• The Environment Agency is urging anglers to report sightings of pink salmon
• Norwegian authorities have detected unprecedented numbers this year
• Sightings of pink salmon expected in rivers across the North East and North West of England
The Environment Agency is urging anglers to report unusual catches or sightings of invasive pink salmon after unprecedented numbers have been detected further south than previously observed.

The pink salmon, which can be identified by large black oval spots on its tail, could carry diseases which threaten native fish stocks.
EA specialists have predicted that the fish (also known as humpback salmon), will be spotted in North East and North West rivers over the coming weeks. Fisheries managers, anglers and netsmen are therefore requested to remain vigilant and report any sightings or catches to the EA’s national hotline: 0800 80 70 60.
Data collected will help the Environment Agency and fisheries researchers better understand how to manage the arrival of pink salmon in the UK.
Simon Toms, National Fisheries Management Team Leader at the Environment Agency, said:
“Wild Atlantic salmon stocks are already under great pressure from a variety of sources. The introduction of novel parasites or diseases from invasive species, such as Pacific pink salmon, could represent an additional risk to the species.
“We want to better understand the immediate risk that pink salmon could represent to our important wild salmon stocks. We are urging anglers to report the capture or sightings of all pink salmon to us as soon as possible. “
Pink salmon (Onchorhyncus gorbuscha) originate from the northern Pacific Ocean. Following an initiative to develop a net fishery in Northern Russia, pink salmon have established self-sustaining populations in rivers in Russia, Finland and northern Norway. This is the most likely origin of the pink salmon recently caught in the UK and Ireland.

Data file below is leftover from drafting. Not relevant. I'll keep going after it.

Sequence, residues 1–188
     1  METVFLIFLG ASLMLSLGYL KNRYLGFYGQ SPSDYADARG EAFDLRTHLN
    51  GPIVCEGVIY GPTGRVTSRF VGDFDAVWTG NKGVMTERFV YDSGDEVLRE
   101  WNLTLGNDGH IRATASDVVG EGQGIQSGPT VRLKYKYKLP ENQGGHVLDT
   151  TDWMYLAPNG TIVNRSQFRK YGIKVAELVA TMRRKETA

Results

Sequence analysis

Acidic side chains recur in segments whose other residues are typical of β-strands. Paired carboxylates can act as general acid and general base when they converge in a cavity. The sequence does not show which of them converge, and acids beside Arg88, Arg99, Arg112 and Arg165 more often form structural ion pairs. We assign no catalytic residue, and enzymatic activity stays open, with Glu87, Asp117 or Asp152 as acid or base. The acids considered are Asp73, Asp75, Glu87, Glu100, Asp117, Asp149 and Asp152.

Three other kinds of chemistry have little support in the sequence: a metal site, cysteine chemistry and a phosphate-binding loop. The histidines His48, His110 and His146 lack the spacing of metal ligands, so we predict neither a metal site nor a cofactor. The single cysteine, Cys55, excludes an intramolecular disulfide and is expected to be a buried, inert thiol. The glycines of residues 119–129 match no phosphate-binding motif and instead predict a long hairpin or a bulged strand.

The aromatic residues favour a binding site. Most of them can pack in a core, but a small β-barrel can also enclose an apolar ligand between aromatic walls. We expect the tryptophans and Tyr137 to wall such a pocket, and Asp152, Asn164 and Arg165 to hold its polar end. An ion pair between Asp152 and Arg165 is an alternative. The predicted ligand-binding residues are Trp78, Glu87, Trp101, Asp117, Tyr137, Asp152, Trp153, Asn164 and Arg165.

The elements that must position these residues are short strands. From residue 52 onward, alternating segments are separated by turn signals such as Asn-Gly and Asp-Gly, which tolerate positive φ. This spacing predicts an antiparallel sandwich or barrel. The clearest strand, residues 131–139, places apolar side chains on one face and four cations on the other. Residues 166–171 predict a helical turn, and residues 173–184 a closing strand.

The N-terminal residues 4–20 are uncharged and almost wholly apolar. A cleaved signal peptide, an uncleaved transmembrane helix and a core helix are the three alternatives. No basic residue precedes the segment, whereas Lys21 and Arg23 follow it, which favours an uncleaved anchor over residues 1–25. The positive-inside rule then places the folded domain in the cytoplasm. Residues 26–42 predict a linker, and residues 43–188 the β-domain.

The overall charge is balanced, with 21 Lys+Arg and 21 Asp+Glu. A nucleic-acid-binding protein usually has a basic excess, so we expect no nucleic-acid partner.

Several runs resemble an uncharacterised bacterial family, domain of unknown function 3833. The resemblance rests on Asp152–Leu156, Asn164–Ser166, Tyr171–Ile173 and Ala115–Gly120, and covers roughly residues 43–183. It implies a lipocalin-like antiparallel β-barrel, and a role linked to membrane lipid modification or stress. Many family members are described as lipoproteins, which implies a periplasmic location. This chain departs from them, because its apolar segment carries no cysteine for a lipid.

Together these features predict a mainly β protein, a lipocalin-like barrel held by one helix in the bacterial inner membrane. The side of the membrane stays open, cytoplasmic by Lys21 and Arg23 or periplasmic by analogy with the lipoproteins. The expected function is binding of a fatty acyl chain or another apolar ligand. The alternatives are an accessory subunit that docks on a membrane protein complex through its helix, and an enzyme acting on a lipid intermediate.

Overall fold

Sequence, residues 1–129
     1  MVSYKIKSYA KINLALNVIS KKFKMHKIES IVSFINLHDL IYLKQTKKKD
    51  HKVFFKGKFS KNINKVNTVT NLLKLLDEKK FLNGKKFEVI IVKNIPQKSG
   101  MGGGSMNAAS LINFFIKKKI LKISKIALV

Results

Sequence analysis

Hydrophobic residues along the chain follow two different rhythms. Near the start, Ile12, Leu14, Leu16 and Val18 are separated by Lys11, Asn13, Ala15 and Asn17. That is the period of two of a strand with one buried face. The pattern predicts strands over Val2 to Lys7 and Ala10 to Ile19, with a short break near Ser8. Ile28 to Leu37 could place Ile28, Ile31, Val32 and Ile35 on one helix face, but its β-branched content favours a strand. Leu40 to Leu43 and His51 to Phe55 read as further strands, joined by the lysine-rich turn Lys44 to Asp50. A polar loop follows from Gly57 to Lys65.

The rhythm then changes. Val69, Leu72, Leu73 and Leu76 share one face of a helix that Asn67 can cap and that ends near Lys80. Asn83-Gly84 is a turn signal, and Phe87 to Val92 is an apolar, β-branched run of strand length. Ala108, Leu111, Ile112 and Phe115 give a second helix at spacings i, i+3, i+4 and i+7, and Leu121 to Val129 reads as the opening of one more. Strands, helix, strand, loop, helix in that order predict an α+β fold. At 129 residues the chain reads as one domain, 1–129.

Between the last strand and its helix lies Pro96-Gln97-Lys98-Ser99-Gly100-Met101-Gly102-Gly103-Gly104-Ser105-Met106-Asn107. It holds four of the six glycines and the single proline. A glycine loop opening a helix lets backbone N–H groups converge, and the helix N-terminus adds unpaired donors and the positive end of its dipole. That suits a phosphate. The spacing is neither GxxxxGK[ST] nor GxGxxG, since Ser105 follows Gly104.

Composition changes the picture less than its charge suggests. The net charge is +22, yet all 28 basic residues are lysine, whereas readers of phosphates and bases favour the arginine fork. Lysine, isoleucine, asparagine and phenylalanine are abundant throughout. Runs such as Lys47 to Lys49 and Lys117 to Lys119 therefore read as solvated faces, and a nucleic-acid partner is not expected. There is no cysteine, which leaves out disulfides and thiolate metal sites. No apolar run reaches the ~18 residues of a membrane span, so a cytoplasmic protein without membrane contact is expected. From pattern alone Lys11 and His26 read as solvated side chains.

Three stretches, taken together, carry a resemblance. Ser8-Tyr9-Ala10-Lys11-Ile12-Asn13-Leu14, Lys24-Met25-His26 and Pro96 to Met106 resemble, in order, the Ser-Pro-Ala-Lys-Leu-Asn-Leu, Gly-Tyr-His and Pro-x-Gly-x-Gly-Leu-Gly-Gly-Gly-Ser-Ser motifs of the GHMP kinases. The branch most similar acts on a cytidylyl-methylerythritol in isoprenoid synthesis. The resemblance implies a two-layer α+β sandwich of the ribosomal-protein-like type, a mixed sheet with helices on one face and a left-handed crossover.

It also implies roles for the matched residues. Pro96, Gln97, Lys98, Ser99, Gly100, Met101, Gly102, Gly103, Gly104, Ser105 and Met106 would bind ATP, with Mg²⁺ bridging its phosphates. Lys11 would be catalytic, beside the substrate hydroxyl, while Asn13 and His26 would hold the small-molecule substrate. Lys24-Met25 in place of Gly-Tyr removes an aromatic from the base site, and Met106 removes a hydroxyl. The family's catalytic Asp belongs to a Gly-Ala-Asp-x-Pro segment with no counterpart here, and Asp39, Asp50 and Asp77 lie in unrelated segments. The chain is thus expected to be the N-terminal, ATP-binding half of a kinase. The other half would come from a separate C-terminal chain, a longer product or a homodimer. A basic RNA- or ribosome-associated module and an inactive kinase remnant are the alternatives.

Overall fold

Previously, pink salmon have been caught in the River Tyne at Wylam and in other locations across Cornwall, Wales, Scotland and western Ireland. Examinations revealed that no notable disease or novel parasites were detected. However, the Environment Agency has stressed the need to remain watchful and will continue to investigate the possible risk posed by pink salmon.
The Environment Agency has produced a useful guidance factsheet with all of the advice needed for individuals who catch a Pacific pink salmon.


Anglers holding a salmon licence who catch pink salmon are asked not to return the fish to the water. Instead they are asked to dispatch of them humanely and, if possible, make the fish available to the Environment Agency for inspection and further analysis.

If this is not possible, they are asked to send a sample of the scales. Trout and coarse anglers are asked to call the Environment Agency on 0800 80 70 60, if unsuccessful please return the salmon.

This guidance also applies to rivers with mandatory catch and release for Atlantic salmon or trout and coarse rod licence holders. In either instance, it is important that if retaining a pink salmon, please call the Environment Agency immediately to report the capture and retention of this fish. The capture will then be formally logged. If it is not possible to make this call the fish should be released back to the river alive.

How to identify a pink salmon:

• Large black oval spots on the tail
• Bluish back, silver flanks and white belly
• Much smaller scales than an Atlantic salmon of the same size
• Very dark mouth and tongue
• 40-60cm in length
• Breeding males develop a distinctive hump

In contrast, the native Atlantic salmon typically:
• Have no spots on the tail
• Usually larger (up 110cm in length)
• Pale mouth and tongue
• Larger scales
• One or two black spots on the gill cover
• Spots on the back above the lateral line
• Thicker base of tail than a pink salmon